Winnipeg hosts vaping expo
Winnipeg, that metropolis on the broad Canadian plains of Manitoba, is getting the vaping itch. And scratching it. A vaping expo last Sunday, 20 July, in the stylish downtown nightclub Opera Ultralounge, drew a healthy crowd of curious Canucks eager to try an array of vaping devices.
Several vendors set up booths in the popular watering spot, including Fat Panda Vapes, which has two Winnipeg locations and will soon be opening an outlet in another Manitoba location. A Canadian Broadcasting (CBC) article says that e-cigarettes and vaporizers, including "vape pens" were much in evidence, but it seems from the text of the article that vaporizers, not e-cigs, were the hot item.
This is actually fairly significant, since it is increasingly clear that vapor-tank systems are on the way to dominating the vaping supplies industry, outpacing "cigalike" e-cigs at a rapid rate. Vaporizers may soon make cigalikes as much a thing of the past as the lethal smokes they resemble, or at best a transition product for moving on to real vaping. E-cig execs at Big Tobacco companies have lately been pushing the ridiculous idea that the decline in cigalike sales indicates a return to tobacco cigarettes, a spin with absolutely no data to support it. (But of course it's an idea that could be very useful to Big Tobacco, and is emblazoned in headlines as fact by a dutiful press). Investors, like those who follow the reports coming out of Wells Fargo Securities, know that the actual direction of movement is from e-cigs to vapor-tank.
The Winnipegers clearly agree. “It’s getting very popular. It’s catching on quick because people are desperate to quit smoking,” says Fat Panda store manager Tracey Cucchini. “A couple of guys got together and decided they wanted to quit smoking, so they actually bought the product themselves and realized how well it worked and wanted to share it with other people,” in a statement that could come from virtually anywhere in the world, from Katmandu to Kamchatka, from Tonga to Noname Colorado.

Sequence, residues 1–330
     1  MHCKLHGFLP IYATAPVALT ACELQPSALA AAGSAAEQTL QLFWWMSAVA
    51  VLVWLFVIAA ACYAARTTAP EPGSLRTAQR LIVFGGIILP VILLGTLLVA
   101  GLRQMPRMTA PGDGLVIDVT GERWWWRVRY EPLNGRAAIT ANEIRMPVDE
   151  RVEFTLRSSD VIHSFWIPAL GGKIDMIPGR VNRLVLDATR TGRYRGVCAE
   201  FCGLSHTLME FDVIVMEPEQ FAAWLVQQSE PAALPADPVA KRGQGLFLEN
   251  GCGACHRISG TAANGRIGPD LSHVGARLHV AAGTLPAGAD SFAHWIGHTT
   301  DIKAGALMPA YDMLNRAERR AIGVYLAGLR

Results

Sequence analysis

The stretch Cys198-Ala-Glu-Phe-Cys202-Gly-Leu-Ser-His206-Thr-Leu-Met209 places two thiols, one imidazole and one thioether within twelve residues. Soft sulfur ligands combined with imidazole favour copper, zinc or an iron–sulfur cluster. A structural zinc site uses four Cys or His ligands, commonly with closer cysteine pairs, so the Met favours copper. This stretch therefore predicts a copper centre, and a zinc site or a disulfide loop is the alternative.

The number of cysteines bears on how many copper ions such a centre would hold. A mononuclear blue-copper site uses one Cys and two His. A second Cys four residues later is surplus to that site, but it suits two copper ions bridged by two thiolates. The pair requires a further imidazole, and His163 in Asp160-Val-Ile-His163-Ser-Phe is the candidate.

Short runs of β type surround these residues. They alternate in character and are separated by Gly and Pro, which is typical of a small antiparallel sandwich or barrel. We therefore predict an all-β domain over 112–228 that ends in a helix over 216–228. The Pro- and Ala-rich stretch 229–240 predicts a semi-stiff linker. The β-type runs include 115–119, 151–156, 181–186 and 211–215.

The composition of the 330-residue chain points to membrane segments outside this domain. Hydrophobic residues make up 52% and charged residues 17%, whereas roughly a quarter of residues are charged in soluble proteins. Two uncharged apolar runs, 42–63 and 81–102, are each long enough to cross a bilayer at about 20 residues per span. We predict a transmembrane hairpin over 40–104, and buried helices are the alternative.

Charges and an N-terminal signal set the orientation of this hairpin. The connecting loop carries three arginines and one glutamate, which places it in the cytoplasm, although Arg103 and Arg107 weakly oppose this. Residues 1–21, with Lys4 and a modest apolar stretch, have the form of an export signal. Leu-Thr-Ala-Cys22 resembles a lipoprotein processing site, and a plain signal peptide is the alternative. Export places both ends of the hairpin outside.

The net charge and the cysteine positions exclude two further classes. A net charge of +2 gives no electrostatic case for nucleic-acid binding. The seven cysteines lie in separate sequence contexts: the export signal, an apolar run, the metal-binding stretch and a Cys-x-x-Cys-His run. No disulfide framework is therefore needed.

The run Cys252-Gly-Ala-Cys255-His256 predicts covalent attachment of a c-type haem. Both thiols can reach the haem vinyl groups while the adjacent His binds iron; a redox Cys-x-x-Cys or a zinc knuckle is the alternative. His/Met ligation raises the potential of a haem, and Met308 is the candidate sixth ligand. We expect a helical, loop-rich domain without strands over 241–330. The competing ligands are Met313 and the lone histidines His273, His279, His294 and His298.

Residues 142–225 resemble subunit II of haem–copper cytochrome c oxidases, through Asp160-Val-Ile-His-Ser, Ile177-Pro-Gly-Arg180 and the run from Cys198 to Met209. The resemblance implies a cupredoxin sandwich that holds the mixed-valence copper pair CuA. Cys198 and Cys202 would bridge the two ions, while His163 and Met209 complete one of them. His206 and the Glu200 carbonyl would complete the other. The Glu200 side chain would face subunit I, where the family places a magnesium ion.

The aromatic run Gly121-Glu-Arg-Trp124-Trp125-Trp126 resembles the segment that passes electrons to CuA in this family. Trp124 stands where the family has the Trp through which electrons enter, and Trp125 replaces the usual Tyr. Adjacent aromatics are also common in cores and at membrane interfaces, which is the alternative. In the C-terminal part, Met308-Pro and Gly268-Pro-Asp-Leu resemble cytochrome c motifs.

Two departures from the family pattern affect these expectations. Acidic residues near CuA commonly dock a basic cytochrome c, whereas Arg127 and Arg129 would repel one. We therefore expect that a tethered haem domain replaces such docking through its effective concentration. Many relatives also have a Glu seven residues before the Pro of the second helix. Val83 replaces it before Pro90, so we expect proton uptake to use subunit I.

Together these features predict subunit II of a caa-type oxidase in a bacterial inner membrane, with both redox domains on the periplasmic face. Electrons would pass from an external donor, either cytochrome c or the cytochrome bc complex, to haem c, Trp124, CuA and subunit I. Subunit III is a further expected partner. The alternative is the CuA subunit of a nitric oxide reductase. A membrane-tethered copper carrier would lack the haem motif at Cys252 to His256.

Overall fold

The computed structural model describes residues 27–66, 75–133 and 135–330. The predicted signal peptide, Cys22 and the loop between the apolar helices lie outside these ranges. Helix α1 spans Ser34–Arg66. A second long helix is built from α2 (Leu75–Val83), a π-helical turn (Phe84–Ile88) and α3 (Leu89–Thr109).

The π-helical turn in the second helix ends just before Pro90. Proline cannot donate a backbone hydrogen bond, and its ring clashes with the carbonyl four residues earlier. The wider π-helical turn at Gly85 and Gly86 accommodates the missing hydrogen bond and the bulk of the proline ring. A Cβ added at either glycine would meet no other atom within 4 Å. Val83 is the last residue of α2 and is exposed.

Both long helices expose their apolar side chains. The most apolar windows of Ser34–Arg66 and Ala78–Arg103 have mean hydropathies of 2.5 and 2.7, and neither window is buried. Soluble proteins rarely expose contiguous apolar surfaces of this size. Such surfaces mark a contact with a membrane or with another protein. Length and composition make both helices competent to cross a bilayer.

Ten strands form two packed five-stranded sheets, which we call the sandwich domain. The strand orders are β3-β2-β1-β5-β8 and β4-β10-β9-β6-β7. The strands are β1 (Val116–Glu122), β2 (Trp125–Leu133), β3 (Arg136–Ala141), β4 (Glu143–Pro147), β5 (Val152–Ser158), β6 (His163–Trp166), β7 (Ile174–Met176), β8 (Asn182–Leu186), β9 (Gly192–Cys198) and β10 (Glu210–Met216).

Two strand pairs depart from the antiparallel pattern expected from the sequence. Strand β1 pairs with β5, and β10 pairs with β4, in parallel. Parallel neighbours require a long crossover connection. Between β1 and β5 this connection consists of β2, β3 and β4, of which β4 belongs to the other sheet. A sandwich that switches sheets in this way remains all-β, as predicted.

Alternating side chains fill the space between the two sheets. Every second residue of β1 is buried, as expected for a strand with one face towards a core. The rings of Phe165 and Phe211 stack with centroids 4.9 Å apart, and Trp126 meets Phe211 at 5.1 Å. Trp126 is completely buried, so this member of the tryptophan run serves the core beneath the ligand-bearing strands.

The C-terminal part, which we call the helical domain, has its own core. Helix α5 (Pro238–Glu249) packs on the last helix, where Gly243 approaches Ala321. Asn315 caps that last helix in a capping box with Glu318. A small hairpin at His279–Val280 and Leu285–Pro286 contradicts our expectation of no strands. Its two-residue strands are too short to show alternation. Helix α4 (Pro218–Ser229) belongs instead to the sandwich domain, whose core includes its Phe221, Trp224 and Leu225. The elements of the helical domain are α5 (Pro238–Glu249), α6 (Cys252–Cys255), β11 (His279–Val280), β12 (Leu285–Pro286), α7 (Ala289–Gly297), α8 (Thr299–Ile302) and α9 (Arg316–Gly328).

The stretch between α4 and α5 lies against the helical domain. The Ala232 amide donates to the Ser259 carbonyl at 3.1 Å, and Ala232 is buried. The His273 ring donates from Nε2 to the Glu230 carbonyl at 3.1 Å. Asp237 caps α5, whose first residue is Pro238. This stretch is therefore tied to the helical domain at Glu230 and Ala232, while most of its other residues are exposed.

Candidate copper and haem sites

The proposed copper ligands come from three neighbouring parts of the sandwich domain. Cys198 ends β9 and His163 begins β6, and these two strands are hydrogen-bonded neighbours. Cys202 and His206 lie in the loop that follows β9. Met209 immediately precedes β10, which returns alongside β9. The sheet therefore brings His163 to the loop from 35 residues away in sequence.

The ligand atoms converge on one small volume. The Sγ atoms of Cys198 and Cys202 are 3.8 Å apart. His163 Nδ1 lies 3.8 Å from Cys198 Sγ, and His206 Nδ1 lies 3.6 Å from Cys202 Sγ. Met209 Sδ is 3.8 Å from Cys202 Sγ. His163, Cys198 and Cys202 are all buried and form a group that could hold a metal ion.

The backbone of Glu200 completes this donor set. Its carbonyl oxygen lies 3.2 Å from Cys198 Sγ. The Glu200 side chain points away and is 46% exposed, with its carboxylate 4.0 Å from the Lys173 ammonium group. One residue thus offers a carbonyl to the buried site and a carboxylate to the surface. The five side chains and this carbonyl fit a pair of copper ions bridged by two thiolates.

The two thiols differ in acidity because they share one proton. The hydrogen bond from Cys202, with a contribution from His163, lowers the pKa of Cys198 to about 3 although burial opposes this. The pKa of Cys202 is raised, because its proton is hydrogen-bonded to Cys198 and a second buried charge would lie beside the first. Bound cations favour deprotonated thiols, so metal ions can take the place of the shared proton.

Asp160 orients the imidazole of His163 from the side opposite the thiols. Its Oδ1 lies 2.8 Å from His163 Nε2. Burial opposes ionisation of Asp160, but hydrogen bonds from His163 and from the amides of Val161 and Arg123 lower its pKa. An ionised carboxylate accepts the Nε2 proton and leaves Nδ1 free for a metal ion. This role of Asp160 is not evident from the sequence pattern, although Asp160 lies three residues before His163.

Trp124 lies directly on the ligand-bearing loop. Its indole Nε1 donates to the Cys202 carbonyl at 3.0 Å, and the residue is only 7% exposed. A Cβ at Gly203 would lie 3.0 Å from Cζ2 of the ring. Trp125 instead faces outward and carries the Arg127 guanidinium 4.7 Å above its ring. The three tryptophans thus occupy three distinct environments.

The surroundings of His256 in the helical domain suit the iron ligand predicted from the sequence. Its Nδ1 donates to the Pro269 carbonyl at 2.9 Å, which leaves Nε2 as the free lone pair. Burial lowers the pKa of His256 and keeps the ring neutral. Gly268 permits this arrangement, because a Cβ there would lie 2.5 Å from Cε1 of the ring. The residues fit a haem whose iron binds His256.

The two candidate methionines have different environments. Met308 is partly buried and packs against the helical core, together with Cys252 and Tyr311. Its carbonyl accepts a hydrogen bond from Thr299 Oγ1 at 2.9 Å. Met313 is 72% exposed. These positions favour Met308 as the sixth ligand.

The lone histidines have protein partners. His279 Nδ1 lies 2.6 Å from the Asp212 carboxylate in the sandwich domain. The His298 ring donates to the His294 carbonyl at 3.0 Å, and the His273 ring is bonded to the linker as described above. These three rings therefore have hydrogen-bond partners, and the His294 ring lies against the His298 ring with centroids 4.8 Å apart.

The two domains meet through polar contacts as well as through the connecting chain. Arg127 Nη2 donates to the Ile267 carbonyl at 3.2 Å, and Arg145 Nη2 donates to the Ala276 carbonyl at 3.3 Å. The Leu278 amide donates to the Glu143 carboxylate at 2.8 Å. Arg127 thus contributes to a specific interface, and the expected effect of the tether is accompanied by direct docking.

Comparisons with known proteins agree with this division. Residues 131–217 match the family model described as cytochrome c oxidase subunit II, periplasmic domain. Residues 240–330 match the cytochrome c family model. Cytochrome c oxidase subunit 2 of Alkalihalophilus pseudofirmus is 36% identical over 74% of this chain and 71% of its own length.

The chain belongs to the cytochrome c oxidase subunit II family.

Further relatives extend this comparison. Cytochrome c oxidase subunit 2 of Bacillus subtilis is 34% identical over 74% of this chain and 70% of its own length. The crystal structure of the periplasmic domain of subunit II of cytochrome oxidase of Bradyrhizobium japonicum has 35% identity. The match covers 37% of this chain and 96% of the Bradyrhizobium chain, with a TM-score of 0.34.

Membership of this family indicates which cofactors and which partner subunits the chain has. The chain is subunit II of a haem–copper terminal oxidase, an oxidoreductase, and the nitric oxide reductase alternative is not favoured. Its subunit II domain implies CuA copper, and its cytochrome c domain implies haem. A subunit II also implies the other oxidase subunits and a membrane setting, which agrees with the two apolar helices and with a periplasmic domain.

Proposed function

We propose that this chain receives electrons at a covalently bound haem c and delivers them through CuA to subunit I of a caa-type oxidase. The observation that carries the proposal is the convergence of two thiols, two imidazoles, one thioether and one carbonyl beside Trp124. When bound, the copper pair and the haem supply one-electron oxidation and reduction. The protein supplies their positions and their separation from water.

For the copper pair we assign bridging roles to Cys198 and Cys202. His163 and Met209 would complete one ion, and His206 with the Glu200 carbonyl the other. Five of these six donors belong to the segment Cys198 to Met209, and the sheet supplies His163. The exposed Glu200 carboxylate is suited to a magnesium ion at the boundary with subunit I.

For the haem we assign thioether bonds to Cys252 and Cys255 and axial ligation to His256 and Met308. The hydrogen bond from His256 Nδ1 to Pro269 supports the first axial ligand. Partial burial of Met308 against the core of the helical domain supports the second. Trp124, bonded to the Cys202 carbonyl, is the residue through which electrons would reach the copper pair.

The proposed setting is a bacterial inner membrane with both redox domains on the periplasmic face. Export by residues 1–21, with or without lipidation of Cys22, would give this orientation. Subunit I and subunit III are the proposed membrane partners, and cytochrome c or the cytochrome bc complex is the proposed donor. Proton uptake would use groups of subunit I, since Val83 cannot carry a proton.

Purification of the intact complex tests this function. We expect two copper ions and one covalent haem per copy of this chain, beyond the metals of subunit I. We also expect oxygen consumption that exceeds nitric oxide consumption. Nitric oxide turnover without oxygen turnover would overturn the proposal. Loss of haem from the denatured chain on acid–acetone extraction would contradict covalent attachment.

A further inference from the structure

Another notable wrinkle is the fact that a community of enthusiastic vapers already exists in the fledgling Manitoba market. Again this is no surprise – it's also happening everyplace – but it is nonetheless encouraging. This is why vaping will continue to thrive despite the bullying of Big Tobacco, the nannying of governments, or the hand-wringing of public-use-ban activists. The decade of unregulated growth, coupled with obvious success for smoking cessation, has created a cohesive social-political movement that is strong enough to withstand whatever the nay-sayers throw at it. Even in new territory like the feisty metropolis of Winnipeg on the Canadian plains.
Winnipegger Josh McLeod, a smoker since age 13, quit 2 years ago using a vape pen (again the same story as everywhere else), and joined an interest group that meets regularly. “It went from being 30 people to last time we had over 200 people,” says McLeod, who is continuing to lower his nicotine levels. “It’s a good community to be in. There’s people that are really trying to quit smoking.”
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